All-Star games are a sport’s way of celebrating the fans. Plain and simple.
A lot of fans trivialize All-Star games and think there’s no point to them because they don’t actually count toward the standings or any player’s personal stats -- and that’s fine. It’s the fans' prerogative to disregard the game. They can take it or leave it.
But an athlete's trivializing of the All-Star game -- or worse, opting out of participating -- is a slap in the face to the fans, without whom athletes and the sports they play would have no purpose or value.
Today, it was announced that Washington Capitals Alex Ovechkin and Chicago Blackhawks Jonathan Toews, two elite NHL players and captains of their respective franchises, were opting out of the NHL All-Star game this weekend.
Ovechkin is reportedly dealing with a lower-body injury that had been lingering since November -- not severe enough to keep him on the bench and stop him from posting his 500th goal, but too much for him to participate in a low-intensity All-Star game.
And Toews will be sidelined for the event due to an illness that caused him to leave the game early last Tuesday.
Now, this isn’t the first time hockey stars have been mysteriously plagued with injuries prior to the NHL All-Star game. Last year, Pittsburgh Penguins elite duo Sidney Crosby and Evgeni Malkin were absent from the All-Star game with, wouldn’t you know it, matching lower-body injuries.
In 2009, Detroit Red Wings Pavel Datsyuk and the now-retired-great Niklas Lidstrom skipped the game, Datsyuk with a sore hip flexor -- aka, lower-body injury -- and Lidstrom with a sore elbow (OK, that’s officially an “upper-body injury”).
In fact, the occurrence has become so common that the NHL implemented a one-game ban as a penalty to any players on the NHL All-Star game roster “unable” to participate, a ban that Toews and Ovechkin won’t be able to lower-body-injury their way out of.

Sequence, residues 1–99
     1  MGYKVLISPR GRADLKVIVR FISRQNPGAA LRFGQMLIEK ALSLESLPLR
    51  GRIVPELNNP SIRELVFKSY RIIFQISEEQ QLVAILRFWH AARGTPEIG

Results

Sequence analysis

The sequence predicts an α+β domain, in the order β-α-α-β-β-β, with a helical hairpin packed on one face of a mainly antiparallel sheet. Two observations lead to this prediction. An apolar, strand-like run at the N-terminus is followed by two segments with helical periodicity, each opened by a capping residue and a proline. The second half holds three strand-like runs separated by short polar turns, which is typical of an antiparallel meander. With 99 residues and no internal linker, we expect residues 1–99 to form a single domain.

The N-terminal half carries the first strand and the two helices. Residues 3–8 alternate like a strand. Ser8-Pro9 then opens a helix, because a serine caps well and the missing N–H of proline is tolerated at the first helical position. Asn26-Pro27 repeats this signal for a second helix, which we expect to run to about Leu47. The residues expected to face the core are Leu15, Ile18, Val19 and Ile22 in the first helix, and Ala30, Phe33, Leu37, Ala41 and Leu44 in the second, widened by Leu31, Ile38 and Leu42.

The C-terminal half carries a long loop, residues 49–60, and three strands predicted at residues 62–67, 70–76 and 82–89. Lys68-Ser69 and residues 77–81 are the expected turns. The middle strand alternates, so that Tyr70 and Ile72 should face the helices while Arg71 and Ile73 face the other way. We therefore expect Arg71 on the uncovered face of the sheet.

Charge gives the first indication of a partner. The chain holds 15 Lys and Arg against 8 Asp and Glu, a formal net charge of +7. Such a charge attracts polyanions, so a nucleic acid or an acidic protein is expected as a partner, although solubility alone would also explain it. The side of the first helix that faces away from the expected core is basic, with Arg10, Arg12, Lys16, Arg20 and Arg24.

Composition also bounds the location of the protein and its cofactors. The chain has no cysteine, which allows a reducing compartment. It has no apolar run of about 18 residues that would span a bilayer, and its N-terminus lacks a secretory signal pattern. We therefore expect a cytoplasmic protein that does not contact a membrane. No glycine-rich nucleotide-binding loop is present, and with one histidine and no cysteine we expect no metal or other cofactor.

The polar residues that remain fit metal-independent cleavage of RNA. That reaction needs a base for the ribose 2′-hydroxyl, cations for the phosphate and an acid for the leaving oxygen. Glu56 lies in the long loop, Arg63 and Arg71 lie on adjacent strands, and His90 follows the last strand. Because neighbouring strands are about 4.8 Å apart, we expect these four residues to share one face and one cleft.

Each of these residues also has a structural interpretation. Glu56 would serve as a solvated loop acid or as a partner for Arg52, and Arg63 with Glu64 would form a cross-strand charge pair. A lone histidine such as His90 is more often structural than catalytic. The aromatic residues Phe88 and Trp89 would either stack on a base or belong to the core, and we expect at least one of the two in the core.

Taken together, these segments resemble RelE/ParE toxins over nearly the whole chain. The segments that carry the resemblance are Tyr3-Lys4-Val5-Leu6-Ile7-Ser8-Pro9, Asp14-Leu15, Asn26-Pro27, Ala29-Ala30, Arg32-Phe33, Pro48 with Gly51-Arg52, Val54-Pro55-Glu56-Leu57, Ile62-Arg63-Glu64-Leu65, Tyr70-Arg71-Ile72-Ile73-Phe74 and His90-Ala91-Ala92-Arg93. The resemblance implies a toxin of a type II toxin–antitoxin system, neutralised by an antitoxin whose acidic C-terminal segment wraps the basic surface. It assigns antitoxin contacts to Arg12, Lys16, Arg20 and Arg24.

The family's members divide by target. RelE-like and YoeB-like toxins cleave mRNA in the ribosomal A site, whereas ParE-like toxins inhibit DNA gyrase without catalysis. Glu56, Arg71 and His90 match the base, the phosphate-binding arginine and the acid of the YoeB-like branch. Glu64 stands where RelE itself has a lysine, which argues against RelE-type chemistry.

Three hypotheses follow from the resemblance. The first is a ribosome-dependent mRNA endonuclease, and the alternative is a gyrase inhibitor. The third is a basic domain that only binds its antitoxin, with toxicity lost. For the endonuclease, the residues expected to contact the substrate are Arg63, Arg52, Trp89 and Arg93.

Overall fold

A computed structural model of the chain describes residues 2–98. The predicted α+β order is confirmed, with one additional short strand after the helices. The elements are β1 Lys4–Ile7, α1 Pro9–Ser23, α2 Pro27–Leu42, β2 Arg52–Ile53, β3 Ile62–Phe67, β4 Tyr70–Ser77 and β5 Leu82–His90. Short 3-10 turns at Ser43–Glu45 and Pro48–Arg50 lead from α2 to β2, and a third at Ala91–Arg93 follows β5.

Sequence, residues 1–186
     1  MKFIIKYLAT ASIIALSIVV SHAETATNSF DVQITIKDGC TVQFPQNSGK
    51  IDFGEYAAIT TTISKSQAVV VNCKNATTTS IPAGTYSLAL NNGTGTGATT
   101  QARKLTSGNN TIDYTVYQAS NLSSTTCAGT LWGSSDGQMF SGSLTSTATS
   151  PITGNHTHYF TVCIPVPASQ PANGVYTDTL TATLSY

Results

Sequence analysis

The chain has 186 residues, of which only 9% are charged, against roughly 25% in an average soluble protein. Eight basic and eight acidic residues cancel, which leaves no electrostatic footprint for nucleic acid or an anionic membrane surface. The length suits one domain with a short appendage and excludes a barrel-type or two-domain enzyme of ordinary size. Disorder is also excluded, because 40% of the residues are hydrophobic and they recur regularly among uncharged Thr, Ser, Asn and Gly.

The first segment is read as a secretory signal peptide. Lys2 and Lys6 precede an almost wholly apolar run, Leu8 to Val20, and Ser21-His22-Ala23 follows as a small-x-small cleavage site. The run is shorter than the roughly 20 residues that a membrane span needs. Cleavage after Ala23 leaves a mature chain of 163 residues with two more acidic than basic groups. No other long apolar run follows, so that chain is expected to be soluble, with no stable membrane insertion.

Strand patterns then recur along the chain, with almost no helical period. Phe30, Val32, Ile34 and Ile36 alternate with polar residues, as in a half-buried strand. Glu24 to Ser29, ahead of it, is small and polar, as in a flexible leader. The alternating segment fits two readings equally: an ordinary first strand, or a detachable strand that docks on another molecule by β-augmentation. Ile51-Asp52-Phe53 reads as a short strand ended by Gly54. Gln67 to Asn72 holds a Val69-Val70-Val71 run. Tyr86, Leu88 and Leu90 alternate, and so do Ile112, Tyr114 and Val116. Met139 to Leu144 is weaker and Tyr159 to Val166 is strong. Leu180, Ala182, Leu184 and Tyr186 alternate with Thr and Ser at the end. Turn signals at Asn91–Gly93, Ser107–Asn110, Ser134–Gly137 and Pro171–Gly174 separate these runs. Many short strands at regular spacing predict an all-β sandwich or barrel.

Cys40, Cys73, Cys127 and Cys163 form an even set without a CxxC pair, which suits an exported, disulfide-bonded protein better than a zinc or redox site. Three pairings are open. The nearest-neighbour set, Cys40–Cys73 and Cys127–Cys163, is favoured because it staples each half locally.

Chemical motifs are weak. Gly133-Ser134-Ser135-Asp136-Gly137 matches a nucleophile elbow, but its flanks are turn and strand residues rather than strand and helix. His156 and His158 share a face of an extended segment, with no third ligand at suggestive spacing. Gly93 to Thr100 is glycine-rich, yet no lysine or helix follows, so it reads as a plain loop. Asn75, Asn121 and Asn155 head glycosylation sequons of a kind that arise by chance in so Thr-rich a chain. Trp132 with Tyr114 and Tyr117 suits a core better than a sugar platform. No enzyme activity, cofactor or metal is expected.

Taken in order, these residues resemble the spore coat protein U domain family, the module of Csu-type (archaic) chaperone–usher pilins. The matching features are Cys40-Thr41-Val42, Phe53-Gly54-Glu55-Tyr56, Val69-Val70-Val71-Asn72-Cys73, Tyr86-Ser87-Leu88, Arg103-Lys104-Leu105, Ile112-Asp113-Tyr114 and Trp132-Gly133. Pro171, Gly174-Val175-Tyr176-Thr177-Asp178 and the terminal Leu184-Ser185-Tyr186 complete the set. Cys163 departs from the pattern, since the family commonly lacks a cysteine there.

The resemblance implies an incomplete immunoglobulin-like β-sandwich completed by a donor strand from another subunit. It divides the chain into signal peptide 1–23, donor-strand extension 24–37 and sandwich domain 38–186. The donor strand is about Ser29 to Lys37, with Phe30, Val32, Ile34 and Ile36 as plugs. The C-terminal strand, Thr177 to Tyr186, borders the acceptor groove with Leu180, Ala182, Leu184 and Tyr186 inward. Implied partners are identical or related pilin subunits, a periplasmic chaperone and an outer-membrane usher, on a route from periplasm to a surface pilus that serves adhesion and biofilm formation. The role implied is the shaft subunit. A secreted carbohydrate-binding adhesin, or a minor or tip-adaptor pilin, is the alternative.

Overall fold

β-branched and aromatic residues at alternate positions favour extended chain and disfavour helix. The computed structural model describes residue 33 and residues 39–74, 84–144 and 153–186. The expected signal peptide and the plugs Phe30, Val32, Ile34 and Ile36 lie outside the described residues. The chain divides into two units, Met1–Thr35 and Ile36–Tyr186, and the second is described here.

Now, in a more understandable case, 43-year-old Florida Panthers forward Jaromir Jagr, living hockey legend and natural scorer -- on and off the ice -- has expressed his dismay in participating in this weekend’s All-Star game.
The oldest player in the league tweeted -- jokingly, but not really -- to his fans that the new three-on-three format of the game would “kill” him:
Fans-I appreciate your votes for All-Star game, but 3 on 3 would kill me,and i don't want to die yet:)Thank you for understanding. Too old:) — Jaromir Jagr (@68Jagr) December 2, 2015
Despite his campaign to avoid playing, fans voted Jagr-bomb into the All-Star game, and despite his age and public disinterest, he doesn’t look like he’ll be backing out.
Why won’t Jagr back out? Because having played more years of hockey than I’ve spent alive on this earth, Jagr has realized how important the fans are to hockey and how much his presence in that game would mean to hockey lovers all over the world.
Another controversial All-Star admission who has expressed mixed feelings about participating is Phoenix Coyotes John Scott.
Scott’s case is very unique as he was voted into the game by the fans but sports a very unimpressive hockey resume compared to his peers. With only five goals and six assists in his entire 285-game career -- a tally Ovechkin could reach in a month -- many have argued over whether or not Scott “deserves” to participate, and whether or not he was sincerely voted in by the fans or voted in out of jest.
Regardless, Scott has vehemently fought for his right to participate:
If the league thought this was an embarrassment, pretty much all of the players I've encountered have thought otherwise. I've gotten texts from so many guys saying the same thing: ‘You should go.’
And those players, along with Scott, are right. Scott should go because it doesn't matter why; the fans want him to. And as I’ve said before, the All-Star game is for the fans.
Even Jagr, himself, has jokingly expressed his excitement in playing in the All-Star game with Scott:
Fans-I was afraid,that 3on3 all-Star game may kill me,now,I am more afraid,fighting John Scott 6,8 300 during All-Star, kill me for sure — Jaromir Jagr (@68Jagr) January 2, 2016
Sports are what the fans make them. It’s they’re hard-earned money that drives the outrageous salaries of athletes. It’s a week’s worth of their bi-monthly paycheck going toward taking their sons and daughters to a game that they, themselves, grew up with and bonded with THEIR parents over that make sports on a worldwide stage possible.
All-Star games are a way for leagues to thank loyal fans by putting all of their favorite players on the ice, or the court, or the field at one time. And athletes who can’t see the importance in participating are shameful to the game and a disgrace to their fans who adore them.